1857 3¢ - #25
Four outer frame lines
3¢ - Rose red or dull red - Type I
Four outer frame lines.
38,000,000 - Perf. 15½ - Scott #25 - 1857
3¢ - Rose - Type I
Four outer frame lines.
Perf. 15½ Imperf Vertically - Scott #25A- 1857
CERTIFICATE REQUIRED! to discern from #25
(with 4 margins around the design)
No postmark with gum (MH): $200-$400
Full perfect gum, no postmark, no trace of stamp hinge mark (MNH): $2,500
Issued: February 28, 1857
Plate Size: Sheets of 200 subjects (2 panes of 100).
Printer: Toppan, Carpenter & Co., using the flat plate printing process.
Quantity Issued: 39 million
Note: Because of the narrow margins, finding an example with a complete design can be a challenge. One can usually see one frame line, either at the top or bottom of the design.
The Inspiration for the Design
The design was based off Jean-Antoine Houdon's bust, for more detail on the bust click here.
Varieties to look for
THE CHICAGO PERFORATION
Jerome S. Wagshal established a connection between the "Sample A" Chicago Perf. 11 stamps and the effort by R. K. Swift to sell the Hadley perforator to the U.S. Post Office Department in June 1855. W. Wilson Hulme II went into greater detail identifying the various known examples by their respective positions in the sheet and establishing that the ex-Chase block of 21 (since divided into smaller units) and two blocks of six originated from the same "Sample A" sheet, which Swift submitted to the Third Assistant Postmaster with his solicitation letter. These "Sample A" stamps later reached collectors.
A total of 33 "Sample A" Chicago Perf. stamps are recorded, including a block of nine, two blocks of six, and a block of four. There are four contiguous stamps from the Chase piece that have not been accounted for and may still exist as a block.
Jerome S. Wagshal established a connection between the "Sample A" Chicago Perf. 11 stamps and the effort by R. K. Swift to sell the Hadley
THE FORKED LIGHTNING CRACK
Whilst not as well known as the forked lightning crack on plate 3 of the 1857 1¢, this plate crack (at upper left) does command a premium in price.
Extremely rare and not cataloged by Scotts. Last seen at an auction in 1973.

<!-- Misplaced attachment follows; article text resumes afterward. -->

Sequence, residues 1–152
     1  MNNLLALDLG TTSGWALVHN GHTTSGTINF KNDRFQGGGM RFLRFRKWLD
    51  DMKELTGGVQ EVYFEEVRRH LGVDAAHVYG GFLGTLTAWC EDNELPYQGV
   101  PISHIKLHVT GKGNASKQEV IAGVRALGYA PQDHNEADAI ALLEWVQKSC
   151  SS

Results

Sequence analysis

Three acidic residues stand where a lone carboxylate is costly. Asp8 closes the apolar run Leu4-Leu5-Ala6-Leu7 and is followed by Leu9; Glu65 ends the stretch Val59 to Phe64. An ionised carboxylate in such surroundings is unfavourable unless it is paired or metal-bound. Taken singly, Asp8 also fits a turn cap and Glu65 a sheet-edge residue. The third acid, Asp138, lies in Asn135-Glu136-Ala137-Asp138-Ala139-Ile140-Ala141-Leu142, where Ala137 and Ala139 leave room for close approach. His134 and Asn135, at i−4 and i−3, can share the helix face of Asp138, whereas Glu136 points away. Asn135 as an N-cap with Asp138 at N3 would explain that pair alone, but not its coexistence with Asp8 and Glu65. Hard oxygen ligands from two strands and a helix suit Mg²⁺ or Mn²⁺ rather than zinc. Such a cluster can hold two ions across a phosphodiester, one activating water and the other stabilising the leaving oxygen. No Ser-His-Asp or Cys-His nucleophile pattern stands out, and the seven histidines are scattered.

How the perforated stamp came to us
When Rowland Hill designed the worlds first postage stamp, the penny black, no provision was made for separating the stamps. in 1847, six years after the introduction of the first stamp, Henry Archer submitted a two seperating machines to the British postmaster general. These machines employed lancet shaped blades, however their effect, was mixed at best. Soon after Mr Archer patented a machine which used perforation as a means of seperation, his first trials with this machine were on the Prince Consort essay, an example is seen above. The Prince Consort was Prince Albert, the design was never approved.
In October 1853 the first perforated stamps were issued in the UK using new perforating machines built by David Napier and Son Ltd, they were revenue stamps The first perforated stamps were revenue stamps issued in October 1853.
Aaron Brown, Postmaster-General 1857-59
In 1857 the new postmaster general was determined to introduce the perforation of postage stamps to the US. Perforating machines, at the cost of $3,000 were acquired by Toppan Carpenter, along with $6,000 in new plates. The machines were from England, but not from Napier, they purchased rouletting machines from William Bemrose & Sons of Derby, converting them to perforating machines. One problem is that these new machines could accommodate a relatively narrow sheet, which explains why the stamps of the 1857 series are spaced so close together. The first stamps to be perforated were the thirty cent, twenty four cent and ninety cent values.